After I received "Johnny Cash Christmas 1976," I discovered that another Cash special ("Johnny Cash Christmas 1977") was also being released on DVD. Comparing the two setlists, I was a bit envious that I didn't choose the 1977 special as it featured performances by great artists like Roy Orbison and Jerry Lee Lewis. While "Johnny Cash Christmas 1976" may not have an All-Star lineup, the Special turns out to be a pleasant (albeit flawed) trip back in time.
The 1976 Christmas Special contains performances by Johnny Cash, June Carter Cash, Roy Clark, Merle Travis, Tony Orlando, Barbara Mandrell, The Carter Family, and a preachy story by Billy Graham titled "A Story Of Christmas" that concludes the program. The song list includes: "Wandering," "Tie A Yellow Ribbon Round The Ole Oak Tree," "Christmas As I Knew It," "Far Away Places," "Juke Box Saturday Night," "That Lucky Old Sun," "The Christmas Song (Merry Christmas To You)," "Stephen Foster Medley," "Follow Me," "Cannonball Rag," "That Christmasy Feeling," "In The Pines," "Steel Guitar Rag," "It's A Beautiful Morning With You," "Old Time Feeling."
Like most Christmas Specials (or any Special) of the 70's, there are both enjoyable and awkwardly dated moments. The good: It was refreshing to see the program not take place in a studio. Instead, Cash does the entire show via his farm and his own home in Tennessee. Having the program in these locations made the show less phony and more like he was inviting viewers into his home/life. Additionally, the track listing is fairly strong (although there could have more Christmas songs and less random Stephen Foster tunes). The highlights were undoubtedly June Carter Cash's cover of John Denver "Follow Me" and the catchy duet between Johnny and his brother Tommy on the song "That Christmasy Feeling."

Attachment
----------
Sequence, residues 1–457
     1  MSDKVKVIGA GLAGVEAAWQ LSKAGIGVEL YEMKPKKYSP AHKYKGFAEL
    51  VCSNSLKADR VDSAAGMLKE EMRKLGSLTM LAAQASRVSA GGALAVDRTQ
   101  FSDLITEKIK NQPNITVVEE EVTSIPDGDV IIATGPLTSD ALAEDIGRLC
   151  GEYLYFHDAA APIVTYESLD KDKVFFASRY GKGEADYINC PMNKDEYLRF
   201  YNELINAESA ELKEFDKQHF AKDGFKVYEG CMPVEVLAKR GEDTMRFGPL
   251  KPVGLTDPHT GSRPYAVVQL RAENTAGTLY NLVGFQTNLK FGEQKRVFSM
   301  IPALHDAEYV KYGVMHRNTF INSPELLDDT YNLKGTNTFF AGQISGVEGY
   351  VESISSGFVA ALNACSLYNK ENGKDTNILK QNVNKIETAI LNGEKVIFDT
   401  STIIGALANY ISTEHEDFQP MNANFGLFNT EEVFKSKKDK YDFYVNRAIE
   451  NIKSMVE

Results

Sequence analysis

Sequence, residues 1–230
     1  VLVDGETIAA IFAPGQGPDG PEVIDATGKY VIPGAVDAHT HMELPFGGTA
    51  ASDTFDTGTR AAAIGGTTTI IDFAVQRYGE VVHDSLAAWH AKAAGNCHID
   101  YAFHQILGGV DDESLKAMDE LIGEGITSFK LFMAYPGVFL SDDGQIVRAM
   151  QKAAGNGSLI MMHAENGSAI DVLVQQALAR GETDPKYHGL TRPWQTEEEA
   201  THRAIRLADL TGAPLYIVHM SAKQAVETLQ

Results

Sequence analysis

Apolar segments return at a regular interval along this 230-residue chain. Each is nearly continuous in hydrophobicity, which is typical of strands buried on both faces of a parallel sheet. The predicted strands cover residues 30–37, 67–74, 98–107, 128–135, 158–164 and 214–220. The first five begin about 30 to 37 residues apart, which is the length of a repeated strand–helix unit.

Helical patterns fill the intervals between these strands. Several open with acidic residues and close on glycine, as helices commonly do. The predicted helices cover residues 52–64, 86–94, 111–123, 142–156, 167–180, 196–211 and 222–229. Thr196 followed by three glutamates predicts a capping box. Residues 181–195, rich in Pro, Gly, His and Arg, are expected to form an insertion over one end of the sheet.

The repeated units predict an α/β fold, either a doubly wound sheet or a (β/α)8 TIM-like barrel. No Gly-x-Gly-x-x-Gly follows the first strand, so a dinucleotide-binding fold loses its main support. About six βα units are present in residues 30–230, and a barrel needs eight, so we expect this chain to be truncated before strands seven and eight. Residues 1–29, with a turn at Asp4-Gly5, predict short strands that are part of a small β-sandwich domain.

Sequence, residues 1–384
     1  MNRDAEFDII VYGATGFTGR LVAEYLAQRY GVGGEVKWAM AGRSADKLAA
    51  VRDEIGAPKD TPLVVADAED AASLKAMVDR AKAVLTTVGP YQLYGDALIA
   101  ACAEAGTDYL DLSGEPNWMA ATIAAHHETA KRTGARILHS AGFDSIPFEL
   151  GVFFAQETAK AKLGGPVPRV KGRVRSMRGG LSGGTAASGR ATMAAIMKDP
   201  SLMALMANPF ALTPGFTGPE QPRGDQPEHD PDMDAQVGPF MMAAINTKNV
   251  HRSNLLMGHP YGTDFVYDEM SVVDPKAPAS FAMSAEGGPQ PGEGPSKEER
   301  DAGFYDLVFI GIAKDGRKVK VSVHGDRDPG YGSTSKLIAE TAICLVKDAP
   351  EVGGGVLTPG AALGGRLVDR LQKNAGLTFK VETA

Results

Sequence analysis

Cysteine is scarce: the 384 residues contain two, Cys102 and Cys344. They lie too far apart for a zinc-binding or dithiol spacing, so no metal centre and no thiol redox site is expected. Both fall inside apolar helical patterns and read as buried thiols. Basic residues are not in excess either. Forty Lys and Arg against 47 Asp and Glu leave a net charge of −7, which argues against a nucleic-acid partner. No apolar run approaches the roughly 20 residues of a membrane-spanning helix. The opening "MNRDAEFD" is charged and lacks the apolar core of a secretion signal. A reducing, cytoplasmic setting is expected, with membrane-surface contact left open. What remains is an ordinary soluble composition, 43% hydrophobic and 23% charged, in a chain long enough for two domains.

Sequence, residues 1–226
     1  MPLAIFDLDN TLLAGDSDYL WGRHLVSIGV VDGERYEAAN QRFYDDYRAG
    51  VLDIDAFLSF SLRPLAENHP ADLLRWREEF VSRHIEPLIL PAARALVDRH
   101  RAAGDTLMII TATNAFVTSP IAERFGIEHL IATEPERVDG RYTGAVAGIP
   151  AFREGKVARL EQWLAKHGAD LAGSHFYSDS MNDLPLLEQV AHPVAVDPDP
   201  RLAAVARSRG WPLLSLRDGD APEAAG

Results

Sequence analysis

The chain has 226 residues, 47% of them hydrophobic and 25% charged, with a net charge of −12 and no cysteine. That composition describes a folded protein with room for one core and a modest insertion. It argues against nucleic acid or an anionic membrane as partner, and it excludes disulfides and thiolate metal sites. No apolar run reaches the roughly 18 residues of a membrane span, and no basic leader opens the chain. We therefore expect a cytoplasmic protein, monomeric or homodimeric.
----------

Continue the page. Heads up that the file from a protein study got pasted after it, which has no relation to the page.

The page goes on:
The main problem with the special is that Johnny Cash looks incredibly uncomfortable. Most of the time, Cash's eyes dart around the room nervously while he flashes a forced smile. It doesn't help that the direction of the Special was amateurish. The camera is always either too close or too far on Cash and the set-up in his living room had everyone sitting in strange positions (some people are on a couch, sitting behind others, sitting in chairs, standing, etc.) The arrangement in his house was just so chaotic and unorganized. It's no wonder he (and his family) appeared annoyed (notice the lack of smiles).
Aside from a few noticeable lines and blurry colors, the picture quality looks surprisingly clean. Shout! Factory did a commendable job here.
The audio specifications were not listed, but I have to say the program sounded clear for a 31 year old Special.
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"Johnny Cash Christmas 1976" isn't going to be required viewing for the Holiday season, but it's certainly worth a rent.
Film and television enthusiast Nick Lyons recently had his first book published titled "Attack of the Sci-Fi Trivia." It is available on Amazon.com.